By Stuart Rothenberg
Earlier this week, I asked a veteran Washington-based Democratic political operative who has worked for more than his share of liberals whether he had seen any indication that grass-roots “progressives” were getting angry with the party’s performance on Capitol Hill and were starting to make their anger known.
“No. No. Not yet,” he said, shaking his head. “Right now we are just happy to be in the majority. We were out of power for a long time,” he laughed. “But it will come; it will come,” sighed the Washington veteran, looking as if he might like either a glass of scotch or at least a couple of aspirin.
Twenty-four hours later, I was interviewing a reliably liberal Democratic candidate running in 2010 in a swing state. I asked him what he will say when his formidable Republican opponent argues that the country doesn’t need yet more Democrats in Washington, D.C. — that it needs more officeholders who will act as a check on President Barack Obama and the Democratic-controlled Congress.
“I’ll say that if you look at what has been happening in Congress right now, we appear to have plenty of Democrats who are acting as checks on Democrats in Washington,” he answered with a smile.
Rattle off names such as Sens. Kent Conrad (D-N.D.) and Max Baucus (D-Mont.) or Rep. Mike Ross (D-Ark.) to a member of Democratic House or Senate leadership, and they are likely to think, “With friends like these, who needs enemies?”
Democratic Blue Dogs and deficit hawks are showing their muscle right now. Whether it’s out of principle or merely a political reflection of the president’s loss of support on health care among independent voters in a number of recent surveys, moderates in the president’s own party are now driving the bus.
The Democratic grass roots so far have been patient with Congress, but at some point that patience may wear out.
Few people outside of the political class understand how Capitol Hill works, so it shouldn’t be surprising that many Democrats around the country assumed that a 60-seat Senate, an overwhelmingly Democratic House and a Democratic president would pass a health care bill with a public insurance option rather easily.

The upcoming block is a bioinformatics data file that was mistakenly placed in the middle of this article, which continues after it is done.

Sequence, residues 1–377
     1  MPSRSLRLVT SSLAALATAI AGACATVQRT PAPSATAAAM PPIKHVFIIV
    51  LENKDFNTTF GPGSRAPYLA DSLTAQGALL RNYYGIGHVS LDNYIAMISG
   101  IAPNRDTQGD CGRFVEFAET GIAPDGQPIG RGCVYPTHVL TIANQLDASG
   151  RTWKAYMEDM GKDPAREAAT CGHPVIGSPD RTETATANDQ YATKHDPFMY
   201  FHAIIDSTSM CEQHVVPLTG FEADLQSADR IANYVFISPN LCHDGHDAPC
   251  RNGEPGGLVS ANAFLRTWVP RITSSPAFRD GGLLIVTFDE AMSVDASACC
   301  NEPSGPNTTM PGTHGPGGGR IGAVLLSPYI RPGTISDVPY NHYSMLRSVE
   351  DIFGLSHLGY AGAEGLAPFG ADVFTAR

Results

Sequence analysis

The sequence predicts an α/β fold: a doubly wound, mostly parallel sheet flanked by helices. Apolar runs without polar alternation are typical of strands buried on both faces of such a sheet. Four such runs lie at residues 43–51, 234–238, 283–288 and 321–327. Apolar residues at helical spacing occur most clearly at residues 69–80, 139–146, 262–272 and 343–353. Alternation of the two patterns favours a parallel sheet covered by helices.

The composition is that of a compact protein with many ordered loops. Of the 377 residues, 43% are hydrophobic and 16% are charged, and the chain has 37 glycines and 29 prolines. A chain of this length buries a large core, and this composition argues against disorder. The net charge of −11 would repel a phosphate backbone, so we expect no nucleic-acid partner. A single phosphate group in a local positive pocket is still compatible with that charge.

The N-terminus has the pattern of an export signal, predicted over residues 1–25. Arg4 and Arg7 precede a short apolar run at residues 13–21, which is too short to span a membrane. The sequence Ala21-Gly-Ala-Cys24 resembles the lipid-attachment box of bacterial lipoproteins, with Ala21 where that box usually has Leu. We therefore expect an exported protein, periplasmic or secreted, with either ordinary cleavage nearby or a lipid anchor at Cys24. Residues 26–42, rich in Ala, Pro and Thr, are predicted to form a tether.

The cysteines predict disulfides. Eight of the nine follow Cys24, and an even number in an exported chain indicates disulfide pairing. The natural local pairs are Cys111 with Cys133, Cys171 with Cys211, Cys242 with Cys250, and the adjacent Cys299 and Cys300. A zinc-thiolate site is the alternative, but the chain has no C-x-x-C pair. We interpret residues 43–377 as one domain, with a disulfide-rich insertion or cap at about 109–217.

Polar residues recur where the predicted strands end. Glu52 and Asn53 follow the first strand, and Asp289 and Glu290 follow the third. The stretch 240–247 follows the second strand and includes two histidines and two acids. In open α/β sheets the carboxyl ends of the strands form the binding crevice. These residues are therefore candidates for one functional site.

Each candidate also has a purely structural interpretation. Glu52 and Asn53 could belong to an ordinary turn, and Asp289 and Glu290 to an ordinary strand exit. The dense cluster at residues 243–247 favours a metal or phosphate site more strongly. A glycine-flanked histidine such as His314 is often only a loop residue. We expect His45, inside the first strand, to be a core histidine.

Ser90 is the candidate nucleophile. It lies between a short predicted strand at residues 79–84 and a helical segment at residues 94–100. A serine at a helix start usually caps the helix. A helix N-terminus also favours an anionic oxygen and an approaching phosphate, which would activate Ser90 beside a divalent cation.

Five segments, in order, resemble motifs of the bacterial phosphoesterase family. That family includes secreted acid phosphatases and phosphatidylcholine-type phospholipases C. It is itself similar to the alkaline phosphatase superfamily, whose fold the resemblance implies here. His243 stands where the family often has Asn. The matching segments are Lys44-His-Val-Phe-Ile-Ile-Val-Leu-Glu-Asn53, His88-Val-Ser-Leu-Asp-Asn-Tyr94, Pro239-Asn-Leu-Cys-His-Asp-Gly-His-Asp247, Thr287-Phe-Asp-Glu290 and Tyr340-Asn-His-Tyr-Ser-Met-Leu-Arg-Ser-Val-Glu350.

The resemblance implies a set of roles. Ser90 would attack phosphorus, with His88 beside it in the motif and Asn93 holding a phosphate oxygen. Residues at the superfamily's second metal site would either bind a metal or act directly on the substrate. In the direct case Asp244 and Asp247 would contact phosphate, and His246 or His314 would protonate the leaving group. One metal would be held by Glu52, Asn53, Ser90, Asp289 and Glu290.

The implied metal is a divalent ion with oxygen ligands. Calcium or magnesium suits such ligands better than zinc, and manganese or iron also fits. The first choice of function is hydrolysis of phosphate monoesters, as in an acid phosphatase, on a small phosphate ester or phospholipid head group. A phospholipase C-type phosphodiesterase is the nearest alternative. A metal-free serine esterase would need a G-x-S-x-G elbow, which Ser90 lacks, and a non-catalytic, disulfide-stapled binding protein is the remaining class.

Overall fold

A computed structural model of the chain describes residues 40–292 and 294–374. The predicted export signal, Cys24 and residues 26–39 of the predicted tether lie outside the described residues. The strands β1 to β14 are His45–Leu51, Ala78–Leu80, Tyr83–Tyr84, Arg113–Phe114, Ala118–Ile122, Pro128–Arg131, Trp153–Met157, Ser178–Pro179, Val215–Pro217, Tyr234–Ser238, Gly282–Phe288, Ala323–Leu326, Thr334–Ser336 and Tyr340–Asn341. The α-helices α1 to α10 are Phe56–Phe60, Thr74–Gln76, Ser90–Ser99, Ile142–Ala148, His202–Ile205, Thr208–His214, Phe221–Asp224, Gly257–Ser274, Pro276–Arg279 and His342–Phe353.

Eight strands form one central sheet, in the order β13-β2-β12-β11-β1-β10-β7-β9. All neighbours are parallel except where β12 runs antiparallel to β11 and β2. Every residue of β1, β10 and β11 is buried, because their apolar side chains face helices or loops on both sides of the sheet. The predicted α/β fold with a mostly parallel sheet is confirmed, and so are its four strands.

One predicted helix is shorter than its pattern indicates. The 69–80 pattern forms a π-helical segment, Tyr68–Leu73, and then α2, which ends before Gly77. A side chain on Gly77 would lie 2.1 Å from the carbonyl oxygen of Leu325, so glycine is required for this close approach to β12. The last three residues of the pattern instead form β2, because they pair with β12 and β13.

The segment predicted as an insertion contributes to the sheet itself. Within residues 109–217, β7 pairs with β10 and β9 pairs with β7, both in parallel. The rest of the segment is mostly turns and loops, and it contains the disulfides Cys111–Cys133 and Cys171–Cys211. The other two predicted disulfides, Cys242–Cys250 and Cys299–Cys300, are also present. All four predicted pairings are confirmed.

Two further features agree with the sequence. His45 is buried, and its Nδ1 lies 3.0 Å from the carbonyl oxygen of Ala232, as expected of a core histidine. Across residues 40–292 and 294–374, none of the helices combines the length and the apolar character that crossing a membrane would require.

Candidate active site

Ultimately, the president is likely to get a health care bill that he will sign. No bill means broken promises by both the White House and the Congressional leadership, and with the healthy majorities that Democrats have on Capitol Hill, blaming Republicans will almost certainly not work, no matter how damaged the GOP brand currently is.
But it is increasingly obvious — indeed it has been rather clear for at least the past couple of weeks — that the final health care reform product won’t be what Rep. Henry Waxman (D-Calif.), the House Energy and Commerce Committee chairman, and Sen. Edward Kennedy (D-Mass.), chairman of the Senate Health, Education, Labor and Pensions Committee, would prefer. Nor will it be the bill that Obama would write, if he had the power to do so.
Still, the president is likely to hail passage of any bill as a historic achievement, taking credit for “the most dramatic health care reform in the nation’s history,” or words to that effect. It really doesn’t matter exactly what is and what is not in the bill. The president will have to claim victory for producing “change” no matter the specifics.
The key for Democrats is how much discontent will be caused by a bill that disappoints, maybe even angers, the party’s more liberal wing.
Will activists be so happy to get anything that they swallow hard and smile even if the final bill lacks a pure public insurance plan option? Will they accept the president’s likely assessment of the final product, when he says that the final bill is a huge step toward universal coverage and controlling cost?
The president continues to draw strong support from Democrats, particularly the most liberal in his party. Gallup’s massive mid-July aggregated weekly tracking numbers show Obama’s job approval at 92 percent among Democrats and 95 percent among liberal Democrats.
Both groups apparently have great confidence in him and are likely to give his interpretation of the final bill great weight. But between now and final passage, will the voices on the Democratic left get louder and more angry? And if they do, what will that mean for the rest of the Obama agenda?
The division within the Democratic Party has Republicans feeling almost giddy. The health care debate, following the stimulus bill, the fiscal 2009 omnibus spending bill, the auto industry bailout and the Troubled Asset Relief Program, has resurrected two issues, spending and taxes, dear to GOP hearts. And many Republicans are now confident that the pendulum is swinging back to them.
These are interesting times politically, even if Democrats do control all of the levers of power in Washington, D.C.
This column first appeared in Roll Call on July 27, 2009. 2009 © Roll Call Inc. All rights reserved. Reprinted with permission.
Thursday, July 30, 2009
By Stuart Rothenberg